Video of Cabinet meeting puts Brazil’s Bolsonaro under fire
Associated Press
2020-05-23 07:39:17

President Jair Bolsonaro joins in a protest against the Supreme Court and Brazil’s National Congress, in Brasilia, Brazil. A profanity-laced video showing Bolsonaro  was released Friday at the order of a Supreme Court justice in a new blow to a president whose popularity has been sagging. (AP)

SAO PAULO — A profanity-laced video showing Brazilian President Jair Bolsonaro expressing frustration at his inability to get information from police and vowing to change Cabinet ministers if needed to protect his family was released Friday at the order of a Supreme Court justice in a new blow to a president whose popularity has been sagging.

The two-hour video of a Cabinet meeting, with portions redacted, was released as part of a probe into allegations that the president was trying to improperly interfere in the federal police, a claim made by former Justice Minister Sérgio Moro when he resigned last month.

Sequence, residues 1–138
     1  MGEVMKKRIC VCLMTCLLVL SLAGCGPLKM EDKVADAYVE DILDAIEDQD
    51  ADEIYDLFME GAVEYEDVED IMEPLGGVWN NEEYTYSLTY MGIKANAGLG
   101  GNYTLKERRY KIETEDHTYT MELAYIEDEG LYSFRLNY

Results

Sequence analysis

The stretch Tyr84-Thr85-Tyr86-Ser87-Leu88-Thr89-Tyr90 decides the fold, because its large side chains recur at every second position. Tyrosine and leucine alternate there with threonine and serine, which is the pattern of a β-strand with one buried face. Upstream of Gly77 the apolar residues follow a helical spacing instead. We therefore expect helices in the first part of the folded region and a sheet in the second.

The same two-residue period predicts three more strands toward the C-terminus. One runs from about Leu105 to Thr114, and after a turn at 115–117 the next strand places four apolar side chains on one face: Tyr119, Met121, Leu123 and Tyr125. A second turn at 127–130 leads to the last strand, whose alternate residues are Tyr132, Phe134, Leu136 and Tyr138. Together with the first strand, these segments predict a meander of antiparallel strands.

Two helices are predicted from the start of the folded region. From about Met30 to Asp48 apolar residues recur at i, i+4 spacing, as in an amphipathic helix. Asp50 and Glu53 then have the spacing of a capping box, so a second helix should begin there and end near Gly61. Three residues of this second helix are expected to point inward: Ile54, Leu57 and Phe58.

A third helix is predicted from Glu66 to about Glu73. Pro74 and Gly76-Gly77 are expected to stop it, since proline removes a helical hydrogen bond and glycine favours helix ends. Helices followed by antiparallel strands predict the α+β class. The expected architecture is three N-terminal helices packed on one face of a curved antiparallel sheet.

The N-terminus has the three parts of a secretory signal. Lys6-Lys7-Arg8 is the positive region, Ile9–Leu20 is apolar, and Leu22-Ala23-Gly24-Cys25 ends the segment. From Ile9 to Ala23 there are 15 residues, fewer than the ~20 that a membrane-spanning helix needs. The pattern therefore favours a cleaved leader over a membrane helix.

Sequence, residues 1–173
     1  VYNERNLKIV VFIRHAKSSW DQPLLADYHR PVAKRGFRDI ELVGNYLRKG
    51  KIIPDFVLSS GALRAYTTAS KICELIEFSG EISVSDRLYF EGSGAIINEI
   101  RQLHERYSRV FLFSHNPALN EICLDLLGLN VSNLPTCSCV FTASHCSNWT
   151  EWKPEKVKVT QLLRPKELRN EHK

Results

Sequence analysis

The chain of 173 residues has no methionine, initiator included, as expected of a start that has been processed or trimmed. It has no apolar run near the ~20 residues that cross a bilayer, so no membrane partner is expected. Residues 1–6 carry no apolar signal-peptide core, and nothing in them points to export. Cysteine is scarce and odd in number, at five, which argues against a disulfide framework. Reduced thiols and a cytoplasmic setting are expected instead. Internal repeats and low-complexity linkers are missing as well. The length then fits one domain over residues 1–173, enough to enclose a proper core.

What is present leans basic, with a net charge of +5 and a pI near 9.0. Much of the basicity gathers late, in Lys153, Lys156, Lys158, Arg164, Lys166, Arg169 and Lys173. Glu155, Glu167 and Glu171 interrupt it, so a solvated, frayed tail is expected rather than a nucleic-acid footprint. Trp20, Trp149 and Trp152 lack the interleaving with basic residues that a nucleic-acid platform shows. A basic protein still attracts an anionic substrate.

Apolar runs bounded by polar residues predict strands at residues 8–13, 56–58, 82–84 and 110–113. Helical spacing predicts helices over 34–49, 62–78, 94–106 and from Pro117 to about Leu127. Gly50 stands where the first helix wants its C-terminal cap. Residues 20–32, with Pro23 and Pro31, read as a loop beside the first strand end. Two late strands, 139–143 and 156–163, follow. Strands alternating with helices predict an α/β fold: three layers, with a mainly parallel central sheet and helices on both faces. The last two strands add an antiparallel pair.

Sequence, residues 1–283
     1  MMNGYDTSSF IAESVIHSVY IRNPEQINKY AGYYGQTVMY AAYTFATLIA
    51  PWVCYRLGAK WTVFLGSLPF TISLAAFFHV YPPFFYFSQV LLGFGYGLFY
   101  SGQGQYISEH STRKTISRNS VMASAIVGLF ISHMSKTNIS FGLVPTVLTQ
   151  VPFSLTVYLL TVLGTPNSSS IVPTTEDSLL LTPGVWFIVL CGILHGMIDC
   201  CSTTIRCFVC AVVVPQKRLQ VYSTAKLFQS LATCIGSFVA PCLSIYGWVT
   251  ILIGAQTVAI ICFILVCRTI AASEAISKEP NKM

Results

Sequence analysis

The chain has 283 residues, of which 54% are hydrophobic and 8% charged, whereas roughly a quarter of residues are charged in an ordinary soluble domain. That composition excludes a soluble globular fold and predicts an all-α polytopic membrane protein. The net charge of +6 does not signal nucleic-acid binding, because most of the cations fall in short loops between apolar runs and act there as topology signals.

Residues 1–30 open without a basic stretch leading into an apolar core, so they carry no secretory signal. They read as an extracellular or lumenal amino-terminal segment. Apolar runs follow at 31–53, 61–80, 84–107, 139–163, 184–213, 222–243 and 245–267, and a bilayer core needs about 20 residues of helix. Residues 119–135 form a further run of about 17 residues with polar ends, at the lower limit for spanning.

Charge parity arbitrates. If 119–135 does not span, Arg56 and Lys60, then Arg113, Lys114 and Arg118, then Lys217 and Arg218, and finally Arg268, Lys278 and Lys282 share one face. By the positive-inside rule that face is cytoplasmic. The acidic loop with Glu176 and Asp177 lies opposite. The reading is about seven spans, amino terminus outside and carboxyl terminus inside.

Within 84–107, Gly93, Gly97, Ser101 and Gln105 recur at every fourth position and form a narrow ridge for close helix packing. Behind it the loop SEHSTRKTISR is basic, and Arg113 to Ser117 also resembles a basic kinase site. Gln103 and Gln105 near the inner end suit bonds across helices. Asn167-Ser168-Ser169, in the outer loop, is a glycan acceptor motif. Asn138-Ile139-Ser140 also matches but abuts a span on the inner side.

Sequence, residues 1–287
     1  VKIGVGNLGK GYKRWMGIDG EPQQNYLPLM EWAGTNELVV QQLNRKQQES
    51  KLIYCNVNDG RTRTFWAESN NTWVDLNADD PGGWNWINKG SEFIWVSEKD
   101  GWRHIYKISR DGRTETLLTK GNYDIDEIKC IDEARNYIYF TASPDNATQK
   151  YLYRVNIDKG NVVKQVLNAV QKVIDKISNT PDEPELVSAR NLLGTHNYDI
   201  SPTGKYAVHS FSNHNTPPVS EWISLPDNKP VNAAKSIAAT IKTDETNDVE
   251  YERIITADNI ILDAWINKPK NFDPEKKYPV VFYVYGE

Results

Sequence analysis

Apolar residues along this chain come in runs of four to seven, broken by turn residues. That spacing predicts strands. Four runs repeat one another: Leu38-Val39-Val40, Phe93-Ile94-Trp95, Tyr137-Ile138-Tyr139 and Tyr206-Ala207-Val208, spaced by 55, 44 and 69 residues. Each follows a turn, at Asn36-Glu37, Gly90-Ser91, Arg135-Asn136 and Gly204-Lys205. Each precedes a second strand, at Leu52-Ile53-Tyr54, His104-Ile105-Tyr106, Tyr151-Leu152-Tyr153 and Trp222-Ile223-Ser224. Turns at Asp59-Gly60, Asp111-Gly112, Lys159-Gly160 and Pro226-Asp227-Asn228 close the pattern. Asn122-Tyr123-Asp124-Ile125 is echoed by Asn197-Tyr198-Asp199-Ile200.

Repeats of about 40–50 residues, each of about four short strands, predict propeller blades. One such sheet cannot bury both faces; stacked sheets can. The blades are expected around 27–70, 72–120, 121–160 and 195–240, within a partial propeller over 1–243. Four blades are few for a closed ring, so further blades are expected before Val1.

The former minister told investigators Bolsonaro openly demanded he make changes in key federal police positions, including the head of the agency as a whole. Moro resigned after Bolsonaro fired the federal police director-general without consulting him.

Bolsonaro has denied inappropriate pressure and insisted his quotes were misinterpreted.

The video shows the president complaining, “I already tried to change our security in Rio de Janeiro and I couldn’t. That is over. I will not wait (for them) to (profanity) my entire family just for fun, or a friend of mine.”

Bolsonaro has insisted that he was referring to the head of his security detail, though he had, in fact, successfully changed that position recently. Moro said he was alluding to the head of police operations in Rio, who presumably might have been involved into investigations into the president’s sons, who live there.

At another point, the president also complains about his inability to get information from the police or other agencies.

“You can’t work like that. It’s difficult. That’s why I will interfere. Period,” he said.

Bolsonaro’s popularity has been sagging in part due to the resignation of Moro, widely seen as an anti-corruption crusader, and to his attempts to downplay the coronavirus pandemic, which has now killed more than 20,000 Brazilians and at an increasing pace.

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